Nearly two-thirds of LGBTQ+ respondents embraced travel abroad as restrictions eased throughout the pandemic, making travel a key priority for the community

      60% of the community seek out LGBTQ+ experiences while traveling emphasizing the importance of Pride celebrations and destinations showcasing their inclusiveness and diversity.


The announcement also examines the economic impact Pride celebrations can have for Airbnb Hosts. Airbnb Hosts earned more than $76 million USD over the top 50 pride weekends in 2019, the last in-person Pride celebrations pre-pandemic.


Other insights include the top 10 most hospitable Pride destinations and the top 10 trending Prides versus 2019.

Thursday, June 16, 2022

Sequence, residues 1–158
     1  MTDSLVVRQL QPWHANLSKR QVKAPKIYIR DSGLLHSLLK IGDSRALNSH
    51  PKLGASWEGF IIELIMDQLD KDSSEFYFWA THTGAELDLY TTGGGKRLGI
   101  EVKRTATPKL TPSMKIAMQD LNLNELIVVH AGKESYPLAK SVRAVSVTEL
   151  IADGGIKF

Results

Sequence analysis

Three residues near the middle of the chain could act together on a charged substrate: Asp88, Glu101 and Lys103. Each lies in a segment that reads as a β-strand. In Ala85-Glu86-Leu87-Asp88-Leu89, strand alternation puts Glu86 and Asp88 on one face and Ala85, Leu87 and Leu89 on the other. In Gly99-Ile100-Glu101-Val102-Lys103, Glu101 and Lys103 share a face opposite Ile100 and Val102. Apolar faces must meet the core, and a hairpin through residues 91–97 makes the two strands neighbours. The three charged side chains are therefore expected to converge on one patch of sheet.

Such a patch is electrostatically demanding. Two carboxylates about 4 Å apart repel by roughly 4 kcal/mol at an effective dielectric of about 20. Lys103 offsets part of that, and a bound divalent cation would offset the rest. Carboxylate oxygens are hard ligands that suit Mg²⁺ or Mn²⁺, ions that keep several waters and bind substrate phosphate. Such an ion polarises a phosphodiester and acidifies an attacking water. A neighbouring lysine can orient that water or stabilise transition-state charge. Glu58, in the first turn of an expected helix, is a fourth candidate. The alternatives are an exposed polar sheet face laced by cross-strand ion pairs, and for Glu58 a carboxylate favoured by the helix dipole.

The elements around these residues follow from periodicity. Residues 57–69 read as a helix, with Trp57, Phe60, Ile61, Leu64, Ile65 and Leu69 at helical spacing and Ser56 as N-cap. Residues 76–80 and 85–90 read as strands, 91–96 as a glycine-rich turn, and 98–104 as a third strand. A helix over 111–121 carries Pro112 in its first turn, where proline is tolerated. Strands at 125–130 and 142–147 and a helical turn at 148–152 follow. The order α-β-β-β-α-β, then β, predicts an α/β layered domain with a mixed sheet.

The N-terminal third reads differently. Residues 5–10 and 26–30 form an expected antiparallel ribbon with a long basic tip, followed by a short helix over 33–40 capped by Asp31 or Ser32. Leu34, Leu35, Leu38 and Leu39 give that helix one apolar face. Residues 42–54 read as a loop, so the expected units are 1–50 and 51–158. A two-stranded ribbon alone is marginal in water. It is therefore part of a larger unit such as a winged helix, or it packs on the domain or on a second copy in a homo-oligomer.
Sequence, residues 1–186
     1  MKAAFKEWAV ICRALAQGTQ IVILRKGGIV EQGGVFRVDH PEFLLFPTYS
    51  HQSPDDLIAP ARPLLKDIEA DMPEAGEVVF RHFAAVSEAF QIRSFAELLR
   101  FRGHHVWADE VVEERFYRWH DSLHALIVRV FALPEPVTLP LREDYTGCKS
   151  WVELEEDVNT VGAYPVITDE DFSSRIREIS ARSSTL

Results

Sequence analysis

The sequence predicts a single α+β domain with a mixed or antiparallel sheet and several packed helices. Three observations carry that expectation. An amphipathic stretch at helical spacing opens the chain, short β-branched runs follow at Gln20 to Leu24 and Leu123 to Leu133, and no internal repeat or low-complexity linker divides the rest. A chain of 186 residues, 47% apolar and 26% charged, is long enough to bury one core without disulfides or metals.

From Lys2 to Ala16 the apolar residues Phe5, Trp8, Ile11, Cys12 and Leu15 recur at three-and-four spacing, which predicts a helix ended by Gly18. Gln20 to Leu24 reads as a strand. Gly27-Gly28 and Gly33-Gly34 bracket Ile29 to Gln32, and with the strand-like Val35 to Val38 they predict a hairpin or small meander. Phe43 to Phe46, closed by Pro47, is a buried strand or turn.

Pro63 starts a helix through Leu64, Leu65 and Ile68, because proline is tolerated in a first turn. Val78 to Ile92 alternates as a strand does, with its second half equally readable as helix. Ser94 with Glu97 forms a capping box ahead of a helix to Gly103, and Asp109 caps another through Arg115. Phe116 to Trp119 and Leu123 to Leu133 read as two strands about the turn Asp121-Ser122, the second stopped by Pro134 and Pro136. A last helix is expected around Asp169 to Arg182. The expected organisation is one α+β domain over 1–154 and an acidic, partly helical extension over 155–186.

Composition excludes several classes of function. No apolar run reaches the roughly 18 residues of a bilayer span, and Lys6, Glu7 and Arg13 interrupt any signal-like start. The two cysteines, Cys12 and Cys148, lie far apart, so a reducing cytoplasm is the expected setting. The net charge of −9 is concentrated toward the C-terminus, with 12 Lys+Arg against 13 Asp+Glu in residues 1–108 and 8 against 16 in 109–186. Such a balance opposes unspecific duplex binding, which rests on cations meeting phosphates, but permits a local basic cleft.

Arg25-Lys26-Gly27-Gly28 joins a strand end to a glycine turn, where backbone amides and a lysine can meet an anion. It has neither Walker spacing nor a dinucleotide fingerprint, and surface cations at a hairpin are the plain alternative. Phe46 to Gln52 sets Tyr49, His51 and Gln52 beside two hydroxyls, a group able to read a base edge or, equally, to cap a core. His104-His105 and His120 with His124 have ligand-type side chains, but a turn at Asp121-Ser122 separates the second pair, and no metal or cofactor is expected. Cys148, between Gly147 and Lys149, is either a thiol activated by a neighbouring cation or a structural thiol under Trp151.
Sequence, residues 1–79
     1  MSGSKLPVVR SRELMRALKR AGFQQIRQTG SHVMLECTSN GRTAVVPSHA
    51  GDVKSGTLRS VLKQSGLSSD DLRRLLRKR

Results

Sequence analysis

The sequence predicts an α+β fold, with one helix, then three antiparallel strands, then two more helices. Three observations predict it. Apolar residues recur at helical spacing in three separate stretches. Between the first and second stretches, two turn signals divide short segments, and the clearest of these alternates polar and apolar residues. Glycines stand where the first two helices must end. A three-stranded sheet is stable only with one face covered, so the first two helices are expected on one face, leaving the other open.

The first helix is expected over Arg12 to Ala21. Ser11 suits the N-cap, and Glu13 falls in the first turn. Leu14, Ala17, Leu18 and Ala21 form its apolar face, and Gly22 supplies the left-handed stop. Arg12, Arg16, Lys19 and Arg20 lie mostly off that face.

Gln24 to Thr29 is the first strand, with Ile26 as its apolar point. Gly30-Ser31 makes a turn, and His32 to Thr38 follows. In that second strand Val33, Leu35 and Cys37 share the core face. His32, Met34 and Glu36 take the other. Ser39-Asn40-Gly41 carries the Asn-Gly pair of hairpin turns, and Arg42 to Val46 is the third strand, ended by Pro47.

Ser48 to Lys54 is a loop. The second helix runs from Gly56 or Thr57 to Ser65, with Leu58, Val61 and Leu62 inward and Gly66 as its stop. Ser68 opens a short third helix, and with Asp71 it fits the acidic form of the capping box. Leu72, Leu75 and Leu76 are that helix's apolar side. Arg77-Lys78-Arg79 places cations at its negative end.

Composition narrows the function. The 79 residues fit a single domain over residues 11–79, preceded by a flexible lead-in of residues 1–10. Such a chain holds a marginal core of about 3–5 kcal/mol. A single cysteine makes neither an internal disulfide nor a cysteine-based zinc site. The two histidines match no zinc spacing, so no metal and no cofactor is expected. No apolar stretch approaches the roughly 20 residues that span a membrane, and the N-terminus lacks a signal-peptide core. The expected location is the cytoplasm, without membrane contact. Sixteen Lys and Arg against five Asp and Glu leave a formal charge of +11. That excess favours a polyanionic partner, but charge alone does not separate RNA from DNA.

Gale and the Committee on LGBT History Announce Fellowships to Support Emerging LGBTQ+ Research

Pride Month provides an opportunity to reflect on the progress made for justice, inclusion and equality within the community, and to reaffirm the continued work to promote LGBTQ+ rights worldwide. To further support these efforts, Gale, part of Cengage Group, and the Committee on LGBT History (CLGBTH) in conjunction with the Queer History Conference 2022, announce the sponsorship of five non-residential fellowships known as the Gale-CLGBTH Non-Residential Fellowships. Funded by Gale, each fellow receives $2,500 and access to Gale's award-winning Archives of Sexuality and Gender and Gale Digital Scholar Lab. The program's goal is to encourage emerging research in LGBTQ+ studies by allowing scholars to contribute additional insights through digital humanities methodologies.